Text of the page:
## Matrix Multiplication

Matrices can be multiplied with each other, and this operation is at the heart of the point- or vector-matrix transformation process. The result of matrix multiplication (the technical term is **matrix product**, the product of two matrices) is another matrix:

Suppose you remember what we briefly mentioned in the introduction. In that case, a matrix concisely defines a combination of linear transformations that can be applied to points and vectors (scale, rotation, translation). We have yet to explain how that works, but we will address it soon; what's important to understand now is that matrix multiplication combines the effect of two other matrices in one matrix. In other words, the transformation that each matrix M1 and M2 would operate on a point or a vector can be combined in one single matrix M3. For example, imagine you need to transform a point from A to B using matrix M1 and then transform B to C using matrix M2. Multiplying M1 by M2 gives a matrix M3 which directly transforms A to C. A matrix obtained by multiplying two matrices is not different from the other two. What's important to note here is that if you have two other matrices, M4 and M5, that transform A to D and D to C, then the multiplication of M4 with M5 will give you M3 again (there is a unique matrix for each particular transformation).

Now there is a rule about matrix multiplication which is optional to know if you deal with 4x4 matrices (and you will understand why soon). Still, for your general knowledge of the subject, we will explain it here (it will become essential to remember when we will deal with point-matrix and vector-matrix multiplication). Two matrices, M1 and M2, can only be multiplied if the number of columns in M1 equals the number of rows in M2. In other words, if two matrices can be written as m x p and p x n, they can be multiplied, giving a matrix of size m x n. Two matrices, \(p x m\) and \(n x p\) can not be multiplied because m and n are unequal. A 4x2 and 2x3 matrices can be multiplied, giving a 4x3 matrix. The multiplication of two 4x4 matrices gives a 4x4 matrix (this rule isn't so essential for us because we will almost always use a 4x4 matrix, so we generally won't care about whether matrices can be multiplied or not).

$$[M \times P] * [P \times N] = [M \times N]$$Let's see how we multiply two matrices together, a mathematical operation on the coefficients of the two input matrices. In other words, we are interested in how we compute the coefficients of the new matrix. It is pretty simple as long as you remember the rule. We said previously that the coefficients in a matrix were defined by their row and column indices. Notation-wise, we use the subscripts i and j to denote these row and column indices. So imagine that we want to find the value of the coefficient Mi,j in the matrix M3. Let's say that i=1 and j=2 (note that index 0 indicates either the first row or the first column of the matrix. Index 3 indicates the last row or column. **Arrays start at index 0** in C++). So to compute M3(1,2), we select all the coefficients of the second row in M1 (where M1 is a 4x4 matrix) and all the coefficients of the third column in M2 (where M2 is also a 4x4 matrix). That gives us two sequences of four numbers that we will multiply with each other and sum up in the following way:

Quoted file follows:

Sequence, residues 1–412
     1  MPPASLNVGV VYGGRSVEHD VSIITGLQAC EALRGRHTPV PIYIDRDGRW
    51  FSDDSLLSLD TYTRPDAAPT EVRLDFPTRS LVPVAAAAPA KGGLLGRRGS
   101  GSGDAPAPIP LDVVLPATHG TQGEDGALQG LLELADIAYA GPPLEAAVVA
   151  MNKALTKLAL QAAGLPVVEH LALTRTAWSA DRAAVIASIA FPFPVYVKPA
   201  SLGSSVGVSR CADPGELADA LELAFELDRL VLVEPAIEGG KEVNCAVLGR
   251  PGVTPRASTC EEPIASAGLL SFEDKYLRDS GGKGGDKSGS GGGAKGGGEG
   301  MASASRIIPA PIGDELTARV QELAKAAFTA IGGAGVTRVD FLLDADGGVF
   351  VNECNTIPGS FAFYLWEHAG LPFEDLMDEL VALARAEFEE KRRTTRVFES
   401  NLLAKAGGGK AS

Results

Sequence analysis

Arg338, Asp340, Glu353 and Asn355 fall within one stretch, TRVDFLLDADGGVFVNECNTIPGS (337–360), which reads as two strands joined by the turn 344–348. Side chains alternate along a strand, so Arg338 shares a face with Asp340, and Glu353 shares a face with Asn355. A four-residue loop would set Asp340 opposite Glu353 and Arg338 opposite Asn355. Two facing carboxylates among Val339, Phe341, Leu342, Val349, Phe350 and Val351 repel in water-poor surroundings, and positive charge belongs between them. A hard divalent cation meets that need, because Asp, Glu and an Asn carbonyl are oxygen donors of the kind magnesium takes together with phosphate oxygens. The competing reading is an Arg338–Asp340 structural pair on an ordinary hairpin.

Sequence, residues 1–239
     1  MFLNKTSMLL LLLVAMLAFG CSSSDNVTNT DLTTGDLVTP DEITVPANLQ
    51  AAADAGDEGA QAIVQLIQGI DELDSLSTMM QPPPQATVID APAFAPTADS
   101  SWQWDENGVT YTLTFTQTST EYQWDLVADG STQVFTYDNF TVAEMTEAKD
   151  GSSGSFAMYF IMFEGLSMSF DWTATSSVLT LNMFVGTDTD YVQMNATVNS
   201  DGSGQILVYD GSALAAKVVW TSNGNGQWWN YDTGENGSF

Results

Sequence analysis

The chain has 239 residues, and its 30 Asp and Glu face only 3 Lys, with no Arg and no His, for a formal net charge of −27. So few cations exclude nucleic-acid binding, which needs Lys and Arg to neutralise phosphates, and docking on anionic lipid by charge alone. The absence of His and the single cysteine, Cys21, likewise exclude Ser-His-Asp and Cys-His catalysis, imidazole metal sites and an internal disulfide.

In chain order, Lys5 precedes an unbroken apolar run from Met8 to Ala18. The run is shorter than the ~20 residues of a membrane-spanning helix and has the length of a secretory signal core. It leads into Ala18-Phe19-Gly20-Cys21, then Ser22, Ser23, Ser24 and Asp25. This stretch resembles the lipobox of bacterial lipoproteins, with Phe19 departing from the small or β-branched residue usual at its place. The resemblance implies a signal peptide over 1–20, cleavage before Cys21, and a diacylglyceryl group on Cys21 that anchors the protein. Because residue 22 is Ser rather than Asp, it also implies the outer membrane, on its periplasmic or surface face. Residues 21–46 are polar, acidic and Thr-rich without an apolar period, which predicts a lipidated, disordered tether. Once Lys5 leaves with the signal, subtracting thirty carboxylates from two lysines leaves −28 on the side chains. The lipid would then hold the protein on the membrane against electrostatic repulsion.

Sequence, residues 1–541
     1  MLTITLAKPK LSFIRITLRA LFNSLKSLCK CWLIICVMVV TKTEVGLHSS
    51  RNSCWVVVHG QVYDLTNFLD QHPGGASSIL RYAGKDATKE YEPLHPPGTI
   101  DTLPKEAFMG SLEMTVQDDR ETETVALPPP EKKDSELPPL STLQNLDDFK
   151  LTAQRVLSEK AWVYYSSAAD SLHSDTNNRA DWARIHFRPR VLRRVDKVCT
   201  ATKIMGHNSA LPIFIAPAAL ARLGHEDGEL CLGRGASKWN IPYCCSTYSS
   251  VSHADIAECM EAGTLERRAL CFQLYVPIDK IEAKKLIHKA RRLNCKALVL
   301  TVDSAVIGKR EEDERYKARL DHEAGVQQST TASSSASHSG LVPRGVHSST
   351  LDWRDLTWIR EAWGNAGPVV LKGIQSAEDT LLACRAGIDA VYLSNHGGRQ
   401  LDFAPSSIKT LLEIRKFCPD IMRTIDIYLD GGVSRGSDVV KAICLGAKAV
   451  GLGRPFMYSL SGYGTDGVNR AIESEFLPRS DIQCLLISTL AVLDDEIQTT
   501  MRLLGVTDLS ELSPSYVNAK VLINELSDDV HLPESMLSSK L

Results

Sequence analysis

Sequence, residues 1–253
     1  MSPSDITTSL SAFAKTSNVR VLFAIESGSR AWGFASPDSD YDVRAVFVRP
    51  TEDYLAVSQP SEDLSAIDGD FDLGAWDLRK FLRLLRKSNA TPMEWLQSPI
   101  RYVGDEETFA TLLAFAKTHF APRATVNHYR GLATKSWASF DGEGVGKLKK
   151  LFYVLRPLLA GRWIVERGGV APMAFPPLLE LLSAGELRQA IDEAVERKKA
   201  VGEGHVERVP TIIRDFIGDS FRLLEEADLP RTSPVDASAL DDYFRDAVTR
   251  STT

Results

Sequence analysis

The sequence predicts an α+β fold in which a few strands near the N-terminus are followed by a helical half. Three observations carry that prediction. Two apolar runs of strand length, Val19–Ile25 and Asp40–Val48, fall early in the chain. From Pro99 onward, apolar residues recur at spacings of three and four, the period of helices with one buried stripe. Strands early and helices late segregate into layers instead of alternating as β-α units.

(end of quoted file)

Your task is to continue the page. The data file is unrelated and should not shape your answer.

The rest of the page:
We can use this process for all the coefficients of M3: use the row and column index of the coefficient we want to calculate and use these indices to select the coefficients of the corresponding row in M1 (M1(i,0), M1(i,1), M1(i,2), M1(i,3)) and select the coefficients for the corresponding column in M2 (M2(0,j), M2(1,j), M2(2,j), M3(3,j). Once we have these numbers, we combine them using the above formula. Multiply all the coefficients of the same index with each other and sum up the results:

$$ M3_{ij}= \begin{array}{l} M1_{i0}*M2_{0j} + \\ M1_{i1}*M2_{1j} + \\ M1_{i2}*M2_{2j} + \\ M1_{i3}*M2_{3j} \end{array} $$Let's see how we could code this operation in C++. First, let's define a matrix as a two-dimensional array of 4-by-4 floats. Then, here is the function that can be used to multiply two matrices together:

Matrix44 operator * (const Matrix44& rhs) const { Matrix44 mult; for (uint8_t i = 0; i < 4; ++i) { for (uint8_t j = 0; j < 4; ++j) { mult[i][j] = m[i][0] * rhs[0][j] + m[i][1] * rhs[1][j] + m[i][2] * rhs[2][j] + m[i][3] * rhs[3][j]; } } return mult; }

When you know how the multiplication of two matrices is obtained, it is not hard to observe that the multiplication of M1 by M2 gives a different result than the multiplication of M2 by M1. Matrix multiplication, indeed, is not **commutative**. So M1* M2 gives a different result than M2*M1.

## Summary

We have yet to explain how and why matrices work but do not worry. All these essential things will be presented in the next chapter. From this chapter, you must remember that a matrix is a two-dimensional array of numbers. The size of the matrix is denoted \(m x n\), where m is the number of rows and n is the number of columns. You have learned that matrices can be multiplied only if the matrix on the left side of the multiplication has a number of columns equal to the number of rows on the right inside of the multiplication. For instance, two matrices of \(m x p\) and \(p x n\) can be multiplied by each other. The resulting matrix combines the transformation of the two matrices used in multiplication. For example, if M1 transforms a point from A to B and M2 transforms a point from B to C, then if M3 is the result of M1 multiplied by M2, M3 will transform this point from A to C. Finally, we have learned how to compute a matrix's coefficients resulting from matrix multiplication. It is also important to remember that matrix multiplication is not commutative. We will need to pay attention to the order in which we multiply matrices with each other. This order matters; if your code doesn't work, you should check the order in which matrices are multiplied by each other.